Buying and selling urban land in Spain

With more and more people looking for building plots to develop property on the Costa del Sol, here's the first article in a series about buyers’ taxes depending on the seller's status

LAST UPDATED: 3 Feb, 2016 @ 21:11
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CLIENTS often ask me when VAT (el impuesto de valor añadido or IVA, in Spanish) is due on the purchase of building land in Spain.

adam-nealeThis is especially important for those acting as developers because, in some cases, the VAT paid when purchasing land can be offset during the building process (the subject of next month’s article).

But it is also relevant to those who are liable for transfer tax, a significantly lower fiscal burden than VAT.

To make sure I provide the best possible answer to the next client who asks me, I talked to a lawyer – Adolfo Martos Gross, a partner in Costa del Sol law firm GAM Abogados – and put the very same question to him.

In the case of a building plot that is classified as urban land – the only type you can legally build on in Spain – Adolfo says VAT is levied, in addition to the sale price, when the seller is a Spanish company or professional who is acting within the scope of their business activities.

If this is not the case, urban land sales are not subject to VAT, but to transfer tax (el impuesto de transmisiones patrimoniales onerosas, ITPO).

When the seller is a Spanish business or professional, VAT is levied at a flat rate of 21% on top of the sale price. But that’s not all, Adolfo notes. Another tax is also due – stamp duty (actos jurídicos documentados, AJD) – charged at an additional 1.5%. Which makes a whopping 22.5% extra, in total.

Whereas, Adolfo explains, when the seller is a private individual who is a tax resident in Spain, ITPO is levied on a sliding scale in accordance with the sale price: 8% up to 400,000€, 9% from 400,000.01 to 700,000€, and 10% over 700,000.01€. Joint owners, Adolfo adds, can benefit from a discount because, while the same rates apply, the taxable base of the sale price is calculated in proportion to their ownership share.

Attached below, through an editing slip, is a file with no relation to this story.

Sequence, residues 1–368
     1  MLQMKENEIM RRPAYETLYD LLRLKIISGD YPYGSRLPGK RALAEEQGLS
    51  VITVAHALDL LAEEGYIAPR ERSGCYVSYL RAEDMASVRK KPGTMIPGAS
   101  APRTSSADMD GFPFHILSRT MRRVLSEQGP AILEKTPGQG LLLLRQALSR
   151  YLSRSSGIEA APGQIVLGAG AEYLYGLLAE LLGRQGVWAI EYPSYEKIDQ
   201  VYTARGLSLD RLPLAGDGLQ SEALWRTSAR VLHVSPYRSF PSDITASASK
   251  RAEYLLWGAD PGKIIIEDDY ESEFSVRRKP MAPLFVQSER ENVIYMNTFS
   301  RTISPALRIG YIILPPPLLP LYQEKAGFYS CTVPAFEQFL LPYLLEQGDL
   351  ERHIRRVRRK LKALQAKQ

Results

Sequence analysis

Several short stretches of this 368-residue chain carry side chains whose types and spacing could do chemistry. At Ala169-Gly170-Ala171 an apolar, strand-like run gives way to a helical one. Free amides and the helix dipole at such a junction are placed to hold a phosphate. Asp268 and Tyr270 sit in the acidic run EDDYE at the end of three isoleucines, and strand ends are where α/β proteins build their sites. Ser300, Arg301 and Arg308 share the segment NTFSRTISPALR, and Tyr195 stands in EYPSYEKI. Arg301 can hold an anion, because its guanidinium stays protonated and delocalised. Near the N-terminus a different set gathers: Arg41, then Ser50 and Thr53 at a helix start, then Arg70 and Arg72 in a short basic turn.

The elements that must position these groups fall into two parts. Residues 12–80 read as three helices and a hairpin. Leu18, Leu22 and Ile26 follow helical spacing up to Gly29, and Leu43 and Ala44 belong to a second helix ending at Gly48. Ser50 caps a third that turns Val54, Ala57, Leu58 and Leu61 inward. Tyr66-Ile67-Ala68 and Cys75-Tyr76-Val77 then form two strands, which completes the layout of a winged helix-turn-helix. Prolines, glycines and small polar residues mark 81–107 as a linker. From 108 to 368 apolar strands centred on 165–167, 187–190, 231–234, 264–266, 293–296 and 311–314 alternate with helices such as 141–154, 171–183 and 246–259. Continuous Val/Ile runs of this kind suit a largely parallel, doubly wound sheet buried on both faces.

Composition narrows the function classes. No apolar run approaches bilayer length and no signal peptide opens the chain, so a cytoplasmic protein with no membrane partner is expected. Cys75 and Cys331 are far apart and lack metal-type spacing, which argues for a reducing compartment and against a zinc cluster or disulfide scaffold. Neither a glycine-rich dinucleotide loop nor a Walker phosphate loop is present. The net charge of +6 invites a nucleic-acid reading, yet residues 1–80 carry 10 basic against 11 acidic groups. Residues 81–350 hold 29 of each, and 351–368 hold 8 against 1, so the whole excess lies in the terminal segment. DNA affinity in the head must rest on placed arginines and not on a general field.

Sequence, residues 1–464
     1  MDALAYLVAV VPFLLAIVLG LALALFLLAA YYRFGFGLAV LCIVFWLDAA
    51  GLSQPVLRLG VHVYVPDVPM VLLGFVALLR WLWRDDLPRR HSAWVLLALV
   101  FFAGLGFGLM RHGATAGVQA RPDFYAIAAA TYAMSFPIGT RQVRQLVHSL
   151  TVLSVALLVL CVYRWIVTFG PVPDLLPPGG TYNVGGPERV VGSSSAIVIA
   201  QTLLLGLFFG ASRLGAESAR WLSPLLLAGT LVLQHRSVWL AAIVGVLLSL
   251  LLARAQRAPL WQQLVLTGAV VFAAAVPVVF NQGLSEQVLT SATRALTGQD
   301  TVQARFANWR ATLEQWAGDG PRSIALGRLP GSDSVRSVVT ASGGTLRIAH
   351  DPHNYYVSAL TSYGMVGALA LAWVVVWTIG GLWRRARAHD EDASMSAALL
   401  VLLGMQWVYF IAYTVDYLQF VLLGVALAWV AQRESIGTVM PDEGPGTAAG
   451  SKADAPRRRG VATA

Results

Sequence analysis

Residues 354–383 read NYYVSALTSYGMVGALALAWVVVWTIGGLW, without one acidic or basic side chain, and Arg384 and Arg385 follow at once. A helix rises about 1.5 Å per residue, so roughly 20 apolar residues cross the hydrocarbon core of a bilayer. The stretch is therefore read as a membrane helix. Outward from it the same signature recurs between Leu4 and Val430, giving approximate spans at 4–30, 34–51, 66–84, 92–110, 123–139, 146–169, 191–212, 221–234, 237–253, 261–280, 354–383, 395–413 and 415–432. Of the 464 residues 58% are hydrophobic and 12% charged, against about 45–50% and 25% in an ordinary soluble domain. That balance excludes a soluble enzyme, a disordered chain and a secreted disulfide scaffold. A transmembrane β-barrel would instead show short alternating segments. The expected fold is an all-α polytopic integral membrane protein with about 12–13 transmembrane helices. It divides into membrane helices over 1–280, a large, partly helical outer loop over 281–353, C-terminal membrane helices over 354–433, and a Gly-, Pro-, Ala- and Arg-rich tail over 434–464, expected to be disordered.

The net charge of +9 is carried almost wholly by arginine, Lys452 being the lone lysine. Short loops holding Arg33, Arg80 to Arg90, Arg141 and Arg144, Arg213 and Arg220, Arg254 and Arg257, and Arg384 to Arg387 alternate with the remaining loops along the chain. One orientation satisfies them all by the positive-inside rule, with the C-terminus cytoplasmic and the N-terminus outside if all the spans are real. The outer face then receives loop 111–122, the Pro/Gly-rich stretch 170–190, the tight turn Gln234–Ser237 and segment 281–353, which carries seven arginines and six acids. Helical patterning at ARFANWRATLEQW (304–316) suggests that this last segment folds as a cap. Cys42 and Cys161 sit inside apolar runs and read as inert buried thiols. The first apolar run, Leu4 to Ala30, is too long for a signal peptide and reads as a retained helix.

Let’s look at a few examples:

  1. Antonio García (the most common boy’s name in Spain in 2014) owns a building plot (which he may have inherited or have bought to build his own house at a later date) and which he wants to sell. Because he is a private individual, not a company or professional, and did not buy the land to develop for business purposes or to sell for a profit, he cannot charge VAT and AJD. The buyer will have to pay ITPO.
  2. María del Carmen García (Antonio’s sister and the most common Spanish girl’s name) is a property professional, who is registered as such, pays her taxes, has an office, and sells property on a regular basis. She buys a building plot, which she wants to sell for profit. The buyer will have to pay VAT and AJD.
  3. John Smith is in the same position as Mari Carmen García. He’s a property developer, who should also, by law, charge VAT and AJD. But, Adolfo says, the Andalusian regional government (Junta de Andalucía) may not believe John is what he says. As a result, the Junta may try to apply ITPO instead and John will have to prove his professional status to the Junta’s satisfaction. In either case, the buyer has to pay the respective taxes.
  4. Venta de Parcelas y Propiedades, S.L. is, as it’s name suggests, a Spanish limited liability company that sells building plots and property. It is registered as such, pays taxes, has an office, and has a track record of selling both. On land sales, it has to charge VAT and AJD, which the buyer has to pay.

What matters, Adolfo points out, in all of these scenarios is the status of the seller, not the buyer. Whether the buyer is a company or an individual makes no difference.

The seller is responsible for determining which type of tax – VAT and AJD, or ITPO – must be charged. If the buyer does not agree, the case may be reviewed by the tax authorities.

But the buyer is always liable for payment, whatever tax is due.





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